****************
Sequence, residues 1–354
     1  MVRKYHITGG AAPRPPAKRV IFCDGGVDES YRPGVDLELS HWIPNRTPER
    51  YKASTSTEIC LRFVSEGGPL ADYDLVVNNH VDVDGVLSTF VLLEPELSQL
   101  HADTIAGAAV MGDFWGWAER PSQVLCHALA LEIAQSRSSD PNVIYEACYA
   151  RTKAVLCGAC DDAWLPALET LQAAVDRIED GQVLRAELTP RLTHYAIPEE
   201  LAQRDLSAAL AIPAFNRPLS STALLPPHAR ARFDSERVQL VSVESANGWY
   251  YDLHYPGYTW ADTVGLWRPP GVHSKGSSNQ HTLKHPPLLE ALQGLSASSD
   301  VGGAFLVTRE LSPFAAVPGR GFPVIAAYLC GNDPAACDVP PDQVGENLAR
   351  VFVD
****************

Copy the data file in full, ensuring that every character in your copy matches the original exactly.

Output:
Sequence, residues 1–354
     1  MVRKYHITGG AAPRPPAKRV IFCDGGVDES YRPGVDLELS HWIPNRTPER
    51  YKASTSTEIC LRFVSEGGPL ADYDLVVNNH VDVDGVLSTF VLLEPELSQL
   101  HADTIAGAAV MGDFWGWAER PSQVLCHALA LEIAQSRSSD PNVIYEACYA
   151  RTKAVLCGAC DDAWLPALET LQAAVDRIED GQVLRAELTP RLTHYAIPEE
   201  LAQRDLSAAL AIPAFNRPLS STALLPPHAR ARFDSERVQL VSVESANGWY
   251  YDLHYPGYTW ADTVGLWRPP GVHSKGSSNQ HTLKHPPLLE ALQGLSASSD
   301  VGGAFLVTRE LSPFAAVPGR GFPVIAAYLC GNDPAACDVP PDQVGENLAR
   351  VFVD